Is creativity being strangled by the law?
Stanford professor Larry Lessig seems to think so and many of us would tend to agree with him. Lessig is one of the foremost authorities on copyright issues, and has a vision for reconciling creative freedom with marketplace competition. He is the founder of Stanford’s Center for Internet and Society. The New York Times says that “Lessig has built a reputation as the king of Internet law and as the most important next-wave thinker on intellectual property.”
As corporate interests have tried hard to rein in the likes of Napster and YouTube, Lessig has fought back. His recent appearance before the U.S. Supreme Court to fight the extension of copyright protection from 50 years to 70 years – is one good example of the continuous struggle. He chairs Creative Commons, a nuanced, free licensing scheme for individual creators.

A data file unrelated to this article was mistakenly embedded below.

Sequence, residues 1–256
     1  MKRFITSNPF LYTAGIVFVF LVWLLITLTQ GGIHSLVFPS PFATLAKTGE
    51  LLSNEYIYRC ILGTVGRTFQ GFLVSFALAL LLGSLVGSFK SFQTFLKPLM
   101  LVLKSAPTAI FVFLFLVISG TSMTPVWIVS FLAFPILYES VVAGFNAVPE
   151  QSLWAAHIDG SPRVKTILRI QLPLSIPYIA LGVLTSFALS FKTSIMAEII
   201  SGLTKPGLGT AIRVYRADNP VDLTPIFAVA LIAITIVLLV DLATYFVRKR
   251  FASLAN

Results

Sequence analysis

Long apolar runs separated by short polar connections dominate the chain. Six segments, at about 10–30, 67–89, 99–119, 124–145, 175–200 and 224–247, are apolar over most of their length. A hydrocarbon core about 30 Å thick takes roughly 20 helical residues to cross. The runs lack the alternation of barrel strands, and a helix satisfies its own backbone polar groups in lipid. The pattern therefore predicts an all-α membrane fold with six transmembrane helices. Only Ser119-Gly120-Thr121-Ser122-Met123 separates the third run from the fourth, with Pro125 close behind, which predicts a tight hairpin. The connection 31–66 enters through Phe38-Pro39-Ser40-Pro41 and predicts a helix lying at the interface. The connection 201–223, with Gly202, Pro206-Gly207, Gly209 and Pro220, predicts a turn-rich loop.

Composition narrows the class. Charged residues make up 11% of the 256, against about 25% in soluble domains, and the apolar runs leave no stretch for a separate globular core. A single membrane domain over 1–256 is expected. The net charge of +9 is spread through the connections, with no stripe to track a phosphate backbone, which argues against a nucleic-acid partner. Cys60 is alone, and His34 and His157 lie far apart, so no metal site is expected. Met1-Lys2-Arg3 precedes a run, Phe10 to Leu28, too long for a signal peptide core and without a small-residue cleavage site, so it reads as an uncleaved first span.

A lawyer by profession, Lessig has become a true hero to artists, authors, scientists, coders and creativity advocates everywhere because of his passion and belief that there needs to be a balance between having the freedom to create, to remix and to use what exists for self-expression and respect for the law.
This video of his talk at TED (Technology Entertainment Design) is informative, entertaining and gives one a lot of food for thought. Here Lessig cites John Philip Sousa, celestial copyrights and the “ASCAP cartel” in his argument for reviving creative culture.
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